Herman Cain was a Black politician and author, business executive, radio host, syndicated columnist and tea party activist from Georgia. He was also a provocative candidate for the 2012 Republican Party nomination.
He had served on the boards of Nabisco, Whirlpool, Reader’s Digest and was chairman of the Federal Reserve Bank of Kansas City for seven years. He was no fool, yet Herman Cain was one of those who attended Donald Trump’s rally on June 20, 2020, in Tulsa, where it is believed that he and others contracted the coronavirus. He refused to wear a mask, nor did he socially distance from others who also neglected to heed CDC warnings. He died of the disease in July in an Atlanta hospital.
Cain was not unlike thousands of naïve Americans who have not only put themselves at risk, but have endangered family members, friends and co-workers by disdaining mask wearing and social distancing. At a time when one might have expected the president of the United States to have been in the executive office fighting the virus, the fact is he was spending his days attending political rallies surrounded by enthusiasts who wore MAGA hats, but who rarely wore protective masks. Few of his loyalists practiced social distancing.
Since Feb. 10, Donald Trump sponsored 45 such political events, all of which were dangerous to the health of those who attended. (At one rally, 23 people were contaminated.)
Author Bob Woodward recently played a recording from a February interview in which Trump admitted to Woodward that the disease was airborne and incredibly deadly. Trump kept that critical information away from the American public.
At the White House, he invited guests to events that directly resulted in the spread of the virus. On one occasion, Supreme Court nominee Amy Coney Barrett and her family attended. She was unmasked. Many in the audience became infected. Lack of caution resulted in White House staff members and the president’s family getting infected. Then we learned five or more of Vice President Mike Pence’s staff were infected and he refused to quarantine.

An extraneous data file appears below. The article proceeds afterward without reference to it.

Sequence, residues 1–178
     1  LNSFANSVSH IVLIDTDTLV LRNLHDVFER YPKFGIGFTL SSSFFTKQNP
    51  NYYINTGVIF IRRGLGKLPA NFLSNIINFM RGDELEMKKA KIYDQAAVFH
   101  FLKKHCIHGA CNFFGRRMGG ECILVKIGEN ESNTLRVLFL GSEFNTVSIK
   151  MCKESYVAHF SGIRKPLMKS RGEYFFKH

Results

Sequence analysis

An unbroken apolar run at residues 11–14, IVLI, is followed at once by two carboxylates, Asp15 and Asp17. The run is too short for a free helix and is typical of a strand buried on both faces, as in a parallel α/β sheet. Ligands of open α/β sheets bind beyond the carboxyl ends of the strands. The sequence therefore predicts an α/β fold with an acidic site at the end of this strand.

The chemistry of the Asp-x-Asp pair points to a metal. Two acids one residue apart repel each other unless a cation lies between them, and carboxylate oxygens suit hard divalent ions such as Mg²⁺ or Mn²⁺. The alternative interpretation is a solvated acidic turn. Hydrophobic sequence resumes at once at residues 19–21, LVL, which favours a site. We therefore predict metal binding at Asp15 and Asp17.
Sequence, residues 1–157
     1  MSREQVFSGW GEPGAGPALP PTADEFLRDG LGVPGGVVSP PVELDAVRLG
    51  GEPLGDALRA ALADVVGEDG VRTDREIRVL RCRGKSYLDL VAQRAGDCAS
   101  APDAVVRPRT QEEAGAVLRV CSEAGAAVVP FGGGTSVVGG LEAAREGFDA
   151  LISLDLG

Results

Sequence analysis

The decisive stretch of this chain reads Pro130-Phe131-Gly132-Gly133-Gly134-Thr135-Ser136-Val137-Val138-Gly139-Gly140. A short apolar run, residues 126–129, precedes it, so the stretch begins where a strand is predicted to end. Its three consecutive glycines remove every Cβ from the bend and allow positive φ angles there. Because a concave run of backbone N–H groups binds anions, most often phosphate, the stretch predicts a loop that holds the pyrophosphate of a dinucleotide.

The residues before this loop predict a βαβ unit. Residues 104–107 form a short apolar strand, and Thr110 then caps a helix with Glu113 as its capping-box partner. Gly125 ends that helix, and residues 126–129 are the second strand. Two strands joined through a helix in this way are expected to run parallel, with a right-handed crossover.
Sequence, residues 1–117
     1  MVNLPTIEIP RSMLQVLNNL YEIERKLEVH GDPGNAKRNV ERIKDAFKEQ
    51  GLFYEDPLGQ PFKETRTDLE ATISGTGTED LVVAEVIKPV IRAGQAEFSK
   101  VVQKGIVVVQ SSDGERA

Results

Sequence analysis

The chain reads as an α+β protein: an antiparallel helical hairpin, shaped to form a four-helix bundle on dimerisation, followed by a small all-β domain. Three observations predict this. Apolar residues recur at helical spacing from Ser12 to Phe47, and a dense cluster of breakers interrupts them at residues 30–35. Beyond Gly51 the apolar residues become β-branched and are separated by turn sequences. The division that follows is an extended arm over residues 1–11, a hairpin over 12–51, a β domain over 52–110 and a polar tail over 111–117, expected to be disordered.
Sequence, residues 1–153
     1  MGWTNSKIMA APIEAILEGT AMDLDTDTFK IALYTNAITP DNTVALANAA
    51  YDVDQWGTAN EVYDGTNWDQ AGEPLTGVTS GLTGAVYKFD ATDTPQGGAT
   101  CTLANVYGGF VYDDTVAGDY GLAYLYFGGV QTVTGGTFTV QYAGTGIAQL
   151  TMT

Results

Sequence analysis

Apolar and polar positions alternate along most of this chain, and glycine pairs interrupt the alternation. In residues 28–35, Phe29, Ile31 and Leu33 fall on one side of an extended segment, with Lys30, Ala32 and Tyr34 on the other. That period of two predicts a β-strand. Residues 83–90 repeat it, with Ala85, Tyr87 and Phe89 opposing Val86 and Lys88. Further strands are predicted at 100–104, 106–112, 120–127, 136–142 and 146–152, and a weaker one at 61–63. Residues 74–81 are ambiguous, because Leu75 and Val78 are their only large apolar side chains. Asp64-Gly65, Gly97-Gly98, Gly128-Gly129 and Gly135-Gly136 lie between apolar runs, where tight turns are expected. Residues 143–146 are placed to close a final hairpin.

Such behavior is known as reckless endangerment. One is guilty of first degree reckless endangerment when, under circumstances evincing depraved indifference to human life, one recklessly engages in conduct which creates a grave risk of death to another person.
When such a criminal charge is brought, the prosecutor must establish that the defendant was engaged in conduct that created a grave and unjustified risk of death; that he or she was aware of and consciously disregarded this risk; and it was a gross deviation from the standard conduct of a reasonable person in the particular situation. The evidence must show one acted in a manner evincing a depraved indifference to human life. A person who is depravedly indifferent is not just willing to take a grossly unreasonable risk to human life. Instead, that person does not care how the risk turns out.
Trump’s disease-spreader rallies occurred in 18 states, usually at airports. He visited North Carolina, Arizona, Wisconsin and Florida most frequently. Sometimes more than one location in a state was visited on the same trip. At none of Trump’s rallies was the wearing of a protective mask mandatory. He repeatedly mocked candidate Joe Biden for wearing a mask.
COVID-19 cases are spiking, and cold weather promises even greater risks of the disease spreading. The state’s top health officer, Dr. Mandy Cohen, has asked our county commissioners and those of 35 other counties to consider levying fines against those who refuse to wear masks in public. The commissioners are encouraging compliance but taking no stronger enforcement on compliance. We already know that Sheriff Ronnie Fields has said he will not enforce mask-wearing laws.
During World War II, my mother was an air raid warden in Oceanside, Long Island. She would go around with her helmet on at night, blowing her whistle and asking her neighbors to turn out lights and darken their homes with blackout curtains. No one objected. No one failed to follow her orders. Why? Because under President Franklin Roosevelt’s compelling war leadership, everyone gladly and voluntarily followed orders for a united nation to achieve victory. To have objected on “constitutional grounds” (as some now do to wearing masks) would have been deemed unthinkable.
The pandemic will continue for months and perhaps years until a safe vaccine is universally available. Meanwhile, refusing to wear a mask in a public place in order to protect one’s self, neighbors, friends and the most vulnerable in society is unpardonable and unpatriotic.
Paul R. Dunn lives in Pinehurst. Contact him at firstname.lastname@example.org.